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Advice on how to prepare for life after government.
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Are You Mentally Prepared for Retirement?

It is important to visualize a life after your federal career has ended. Some people may want to ease into retirement. Congress created a phased retirement option in 2012. Not all federal employees are eligible for it, but some agencies have implemented the option for those who are. Assuming your agency offers it, you also must be currently eligible to retire with 30 years of service at your CSRS or FERS retirement age or be at least age 60 with 20 or more years of service. You must also be working full time and not be subject to mandatory retirement.  

Under phased retirement, your work schedule changes from fulltime to part time (20 hours per week) and your retirement is paid at one-half the full amount. There is a mentoring requirement as well. Eligible employees may spend a few months up to several years in a period of phased retirement prior to fully retiring. If you are interested, check with your supervisor or a retirement specialist in your human resources office.   

Another way to mentally prepare for full retirement is to stagger your retirement benefits. For example, in our family, my husband retired from his 26-year career in federal law...

When Can You Retire?

I get this question a lot: When can I retire? The person asking sometimes means When am I eligible to retire? or When can I afford to retire? Every once in awhile, it means When will I know I am ready to retire?  

The eligibility question is easy. Under CSRS or FERS, you have to be old enough and have enough creditable service to retire under one of the available options. There is a difference, depending on whether you are applying for an immediate “regular” retirement, an early retirement benefit, deferred or disability retirement.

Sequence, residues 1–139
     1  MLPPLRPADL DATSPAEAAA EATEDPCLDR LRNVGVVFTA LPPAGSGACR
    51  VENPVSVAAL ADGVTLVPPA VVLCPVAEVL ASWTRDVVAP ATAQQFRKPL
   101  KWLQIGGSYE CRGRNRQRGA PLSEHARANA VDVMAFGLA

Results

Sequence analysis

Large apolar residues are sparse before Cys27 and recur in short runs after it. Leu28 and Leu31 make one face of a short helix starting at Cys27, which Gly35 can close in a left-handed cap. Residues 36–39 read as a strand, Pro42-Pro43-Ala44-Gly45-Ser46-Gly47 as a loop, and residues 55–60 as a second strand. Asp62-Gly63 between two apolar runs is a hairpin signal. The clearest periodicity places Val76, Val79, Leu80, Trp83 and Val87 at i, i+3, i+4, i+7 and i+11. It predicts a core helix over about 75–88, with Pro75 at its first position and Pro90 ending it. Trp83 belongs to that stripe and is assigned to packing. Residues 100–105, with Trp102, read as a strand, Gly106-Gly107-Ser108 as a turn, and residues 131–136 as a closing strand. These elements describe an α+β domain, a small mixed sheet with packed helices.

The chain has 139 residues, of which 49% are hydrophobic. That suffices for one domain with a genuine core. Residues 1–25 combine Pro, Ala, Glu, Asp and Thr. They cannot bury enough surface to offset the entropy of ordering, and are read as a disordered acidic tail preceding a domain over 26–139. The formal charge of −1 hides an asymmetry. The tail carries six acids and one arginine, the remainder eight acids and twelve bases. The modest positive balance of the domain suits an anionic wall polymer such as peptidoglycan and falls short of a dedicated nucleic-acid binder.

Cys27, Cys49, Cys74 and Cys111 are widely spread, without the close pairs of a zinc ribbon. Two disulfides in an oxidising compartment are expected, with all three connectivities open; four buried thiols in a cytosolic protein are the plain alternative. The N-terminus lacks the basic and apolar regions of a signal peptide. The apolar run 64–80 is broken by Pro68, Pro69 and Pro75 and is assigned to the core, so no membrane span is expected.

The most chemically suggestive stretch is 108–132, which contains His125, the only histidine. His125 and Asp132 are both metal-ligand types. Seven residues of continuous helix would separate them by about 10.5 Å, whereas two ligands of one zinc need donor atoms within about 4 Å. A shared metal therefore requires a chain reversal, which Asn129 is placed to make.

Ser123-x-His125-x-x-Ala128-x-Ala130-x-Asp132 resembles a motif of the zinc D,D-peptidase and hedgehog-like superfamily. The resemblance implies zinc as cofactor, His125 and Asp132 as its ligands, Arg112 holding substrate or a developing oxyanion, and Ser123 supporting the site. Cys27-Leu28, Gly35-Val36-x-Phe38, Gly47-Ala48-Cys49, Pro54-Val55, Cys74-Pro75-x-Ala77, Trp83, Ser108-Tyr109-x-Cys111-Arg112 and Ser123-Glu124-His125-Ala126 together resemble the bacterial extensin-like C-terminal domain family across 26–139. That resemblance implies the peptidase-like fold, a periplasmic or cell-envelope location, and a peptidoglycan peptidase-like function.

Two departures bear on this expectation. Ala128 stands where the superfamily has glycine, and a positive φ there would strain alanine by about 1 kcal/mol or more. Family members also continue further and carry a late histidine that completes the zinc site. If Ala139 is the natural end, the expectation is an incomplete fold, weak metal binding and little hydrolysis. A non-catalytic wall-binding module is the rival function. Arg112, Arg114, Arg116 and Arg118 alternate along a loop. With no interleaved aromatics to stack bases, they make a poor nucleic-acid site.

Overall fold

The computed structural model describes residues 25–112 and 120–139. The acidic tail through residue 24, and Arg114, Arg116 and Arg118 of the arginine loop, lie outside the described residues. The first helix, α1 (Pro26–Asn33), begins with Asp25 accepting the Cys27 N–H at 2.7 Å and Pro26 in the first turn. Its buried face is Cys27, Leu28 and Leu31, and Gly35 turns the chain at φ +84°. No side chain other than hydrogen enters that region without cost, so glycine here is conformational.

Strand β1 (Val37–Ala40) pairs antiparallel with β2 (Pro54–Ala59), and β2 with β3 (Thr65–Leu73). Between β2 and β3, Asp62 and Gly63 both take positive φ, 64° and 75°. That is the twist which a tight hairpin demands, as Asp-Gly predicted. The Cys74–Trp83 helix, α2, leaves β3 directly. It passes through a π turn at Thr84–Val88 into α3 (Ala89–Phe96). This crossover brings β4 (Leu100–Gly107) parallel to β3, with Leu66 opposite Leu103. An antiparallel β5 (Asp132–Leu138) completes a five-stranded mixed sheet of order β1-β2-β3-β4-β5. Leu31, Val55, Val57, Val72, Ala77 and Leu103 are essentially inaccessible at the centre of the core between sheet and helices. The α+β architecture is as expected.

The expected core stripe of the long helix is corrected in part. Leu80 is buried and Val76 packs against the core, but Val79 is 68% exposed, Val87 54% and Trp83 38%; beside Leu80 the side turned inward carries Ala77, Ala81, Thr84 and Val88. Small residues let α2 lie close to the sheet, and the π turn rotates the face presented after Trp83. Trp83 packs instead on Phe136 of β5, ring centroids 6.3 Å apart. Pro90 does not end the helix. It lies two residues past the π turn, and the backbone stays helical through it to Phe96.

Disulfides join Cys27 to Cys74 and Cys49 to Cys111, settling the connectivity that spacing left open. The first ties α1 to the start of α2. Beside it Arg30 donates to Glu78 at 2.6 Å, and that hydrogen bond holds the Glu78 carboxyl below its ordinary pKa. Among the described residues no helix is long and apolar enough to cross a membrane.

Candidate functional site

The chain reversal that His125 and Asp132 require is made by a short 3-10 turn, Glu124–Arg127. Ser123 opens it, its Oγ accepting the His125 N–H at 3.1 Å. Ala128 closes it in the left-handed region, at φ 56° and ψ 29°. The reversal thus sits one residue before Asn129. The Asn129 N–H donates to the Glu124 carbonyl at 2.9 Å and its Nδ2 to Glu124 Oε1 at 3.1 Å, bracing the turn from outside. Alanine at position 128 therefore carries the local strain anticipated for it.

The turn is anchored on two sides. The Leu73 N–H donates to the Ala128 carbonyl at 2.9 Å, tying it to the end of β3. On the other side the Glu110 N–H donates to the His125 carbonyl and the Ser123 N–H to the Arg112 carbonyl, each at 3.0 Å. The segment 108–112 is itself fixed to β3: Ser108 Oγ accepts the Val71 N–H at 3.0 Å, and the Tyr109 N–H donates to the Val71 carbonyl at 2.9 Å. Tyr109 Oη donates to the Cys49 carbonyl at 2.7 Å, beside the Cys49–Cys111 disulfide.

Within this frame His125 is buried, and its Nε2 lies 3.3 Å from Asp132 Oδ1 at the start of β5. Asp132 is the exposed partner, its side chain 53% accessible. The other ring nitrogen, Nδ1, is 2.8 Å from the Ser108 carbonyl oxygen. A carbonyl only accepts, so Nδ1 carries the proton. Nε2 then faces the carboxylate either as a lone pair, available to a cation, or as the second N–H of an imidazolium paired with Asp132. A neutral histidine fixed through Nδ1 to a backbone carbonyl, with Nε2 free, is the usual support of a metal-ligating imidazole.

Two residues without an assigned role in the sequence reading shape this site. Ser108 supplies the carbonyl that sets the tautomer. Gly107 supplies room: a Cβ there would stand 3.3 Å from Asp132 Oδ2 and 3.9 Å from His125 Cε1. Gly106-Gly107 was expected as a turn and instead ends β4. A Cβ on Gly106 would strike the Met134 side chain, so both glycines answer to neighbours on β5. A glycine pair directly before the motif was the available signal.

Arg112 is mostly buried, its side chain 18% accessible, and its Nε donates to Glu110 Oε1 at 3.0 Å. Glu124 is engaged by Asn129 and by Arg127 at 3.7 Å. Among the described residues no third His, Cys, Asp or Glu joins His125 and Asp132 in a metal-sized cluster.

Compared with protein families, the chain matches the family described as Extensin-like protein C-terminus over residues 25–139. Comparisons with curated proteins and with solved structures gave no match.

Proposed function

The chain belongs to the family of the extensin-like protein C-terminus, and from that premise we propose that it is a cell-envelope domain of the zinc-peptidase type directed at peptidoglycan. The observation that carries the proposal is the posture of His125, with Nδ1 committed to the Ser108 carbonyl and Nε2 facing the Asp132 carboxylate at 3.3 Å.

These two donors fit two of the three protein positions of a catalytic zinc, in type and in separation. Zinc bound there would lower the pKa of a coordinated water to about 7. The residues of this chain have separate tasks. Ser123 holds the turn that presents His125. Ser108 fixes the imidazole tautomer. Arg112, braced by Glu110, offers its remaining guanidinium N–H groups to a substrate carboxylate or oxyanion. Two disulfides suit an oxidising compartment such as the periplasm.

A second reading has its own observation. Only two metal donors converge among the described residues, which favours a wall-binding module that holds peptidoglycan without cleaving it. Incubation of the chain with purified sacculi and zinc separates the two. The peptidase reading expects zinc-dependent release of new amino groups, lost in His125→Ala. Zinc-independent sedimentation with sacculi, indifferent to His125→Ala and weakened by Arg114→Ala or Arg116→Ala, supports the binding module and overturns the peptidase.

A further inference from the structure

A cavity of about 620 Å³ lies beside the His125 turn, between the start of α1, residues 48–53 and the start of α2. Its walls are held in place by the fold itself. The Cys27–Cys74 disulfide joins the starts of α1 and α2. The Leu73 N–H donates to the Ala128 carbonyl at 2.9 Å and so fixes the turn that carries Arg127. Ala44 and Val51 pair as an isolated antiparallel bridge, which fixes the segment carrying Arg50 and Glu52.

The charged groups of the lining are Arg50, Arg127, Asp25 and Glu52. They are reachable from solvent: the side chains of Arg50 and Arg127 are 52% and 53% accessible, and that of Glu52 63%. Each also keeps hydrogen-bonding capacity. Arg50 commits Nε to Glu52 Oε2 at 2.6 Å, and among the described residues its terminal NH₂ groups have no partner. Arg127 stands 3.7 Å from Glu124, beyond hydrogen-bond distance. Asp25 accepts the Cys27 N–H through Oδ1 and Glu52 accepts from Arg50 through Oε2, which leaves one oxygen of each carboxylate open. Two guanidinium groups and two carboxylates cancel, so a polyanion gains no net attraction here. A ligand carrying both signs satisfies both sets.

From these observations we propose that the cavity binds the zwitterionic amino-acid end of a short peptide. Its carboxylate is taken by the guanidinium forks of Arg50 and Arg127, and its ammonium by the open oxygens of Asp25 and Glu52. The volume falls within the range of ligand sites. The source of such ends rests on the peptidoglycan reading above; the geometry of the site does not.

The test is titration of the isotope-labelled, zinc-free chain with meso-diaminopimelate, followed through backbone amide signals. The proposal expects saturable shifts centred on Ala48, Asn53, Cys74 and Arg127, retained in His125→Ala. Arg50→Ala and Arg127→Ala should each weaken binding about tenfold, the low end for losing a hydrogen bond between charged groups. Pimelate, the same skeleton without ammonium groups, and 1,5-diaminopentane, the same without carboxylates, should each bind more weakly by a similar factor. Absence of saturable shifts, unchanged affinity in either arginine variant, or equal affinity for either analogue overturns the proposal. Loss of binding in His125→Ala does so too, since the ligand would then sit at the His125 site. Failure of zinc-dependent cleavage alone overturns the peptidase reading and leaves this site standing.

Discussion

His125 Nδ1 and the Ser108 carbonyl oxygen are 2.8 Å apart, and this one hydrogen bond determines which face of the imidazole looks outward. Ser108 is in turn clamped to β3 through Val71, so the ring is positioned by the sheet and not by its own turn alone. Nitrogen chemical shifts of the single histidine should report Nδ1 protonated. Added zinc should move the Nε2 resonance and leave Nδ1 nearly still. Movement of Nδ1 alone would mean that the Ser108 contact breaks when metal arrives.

When considering your service requirement, be sure to review your federal service history and to understand the rules. Sometimes, your past federal service counts for leave accrual, as shown on your leave service computation date (SCD), but not for retirement eligibility or benefits. For example, temporary service performed after 1988 that was not covered by FERS retirement contributions does not count towards retirement eligibility or benefits computation. Other types of service such as military service may require a deposit—a payment into FERS or CSRS—in order to be fully creditable towards retirement.  

Your work schedule might also impact your eligibility. Most federal employees work full...

What Makes the FERS Supplement Special

The Federal Employees Retirement System annuity supplement is important for those covered under FERS who plan to retire before turning 62, but it is especially significant to those who must retire early under special provisions that apply to certain groups of employees: law enforcement officers, firefighters, air traffic controllers, National Guard technicians, Customs and Border Protection officers, nuclear materials couriers and special agents of the Diplomatic Security Service—as well as a few other positions.